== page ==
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Specifying and Implementing Nonparametric and Semiparametric Survival Estimators in Two-Stage (Nested) Cohort Studies with Missing Case Data

Steven D. Mark and Hormuzd A. Katki
Journal of the American Statistical Association
Vol. 101, No. 474 (Jun., 2006), pp. 460-471
Stable URL: http://www.jstor.org/stable/27590709
Page Count: 12
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Specifying and Implementing Nonparametric and Semiparametric Survival Estimators in Two-Stage (Nested) Cohort Studies with Missing Case Data
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Abstract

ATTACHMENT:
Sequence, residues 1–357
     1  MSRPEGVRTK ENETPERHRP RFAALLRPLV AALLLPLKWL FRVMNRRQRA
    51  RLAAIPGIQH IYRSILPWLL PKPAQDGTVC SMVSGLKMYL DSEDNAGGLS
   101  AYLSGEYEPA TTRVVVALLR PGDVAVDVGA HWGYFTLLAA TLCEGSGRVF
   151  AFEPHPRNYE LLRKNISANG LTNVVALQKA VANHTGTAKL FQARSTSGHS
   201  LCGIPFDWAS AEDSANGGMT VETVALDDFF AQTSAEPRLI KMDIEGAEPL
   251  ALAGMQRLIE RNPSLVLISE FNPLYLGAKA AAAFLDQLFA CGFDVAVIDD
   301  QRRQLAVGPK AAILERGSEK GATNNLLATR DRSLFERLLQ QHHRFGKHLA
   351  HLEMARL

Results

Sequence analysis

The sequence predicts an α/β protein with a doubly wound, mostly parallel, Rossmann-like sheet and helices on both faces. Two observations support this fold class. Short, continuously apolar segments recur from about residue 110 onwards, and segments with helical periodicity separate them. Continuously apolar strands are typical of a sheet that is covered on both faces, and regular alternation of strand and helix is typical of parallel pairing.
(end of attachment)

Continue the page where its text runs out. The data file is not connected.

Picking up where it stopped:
Since 1986, we have been studying a cohort of individuals from a region in China with epidemic rates of gastric cardia cancer and have conducted numerous two-stage studies to assess the association of various exposures with this cancer. Two-stage studies are a commonly used statistical design. Stage one involves observing the outcomes and accessible baseline covariate information on all cohort members, and stage two involves using the stage one observations to select a subset of the cohort for measurements of exposures that are difficult to obtain. When the outcomes are censored failure times, such as in our studies, the most common designs used are the case-cohort and nested case-control designs. One limitation of both these designs is that the estimators of the cumulative hazards, and hence survivals and absolute risks, are biased when some cases are missing the stage two measurements. In our experience, such missingness is present in virtually all two-stage studies that (like ours) use biological specimens to obtain exposure measurements. In earlier work we derived and characterized the efficiency of a class of nonparametric and a class of semiparametric cumulative hazard estimators that are unbiased regardless of whether or not all cases are measured. In this article we limit the presentation of the mathematical derivation of these two classes to aspects important to study design and analysis. We analyze data from a two-stage study that we conducted on the association of "Helicobacter pylori" infection with incident gastric cardia cancers. We discuss the substantive reasons why we deliberately sampled only 25% of the available cancer cases. Through simulations, we demonstrate that substantial variation in precision exists between unbiased estimators within each class, and express the origin of these differences in terms of parameters familiar to investigators. We describe how preexistent knowledge about these parameters can be used to increase estimator precision, and detail specific strategies for constructing such estimators. Computer code in R that implements these estimators is available from the authors on request.

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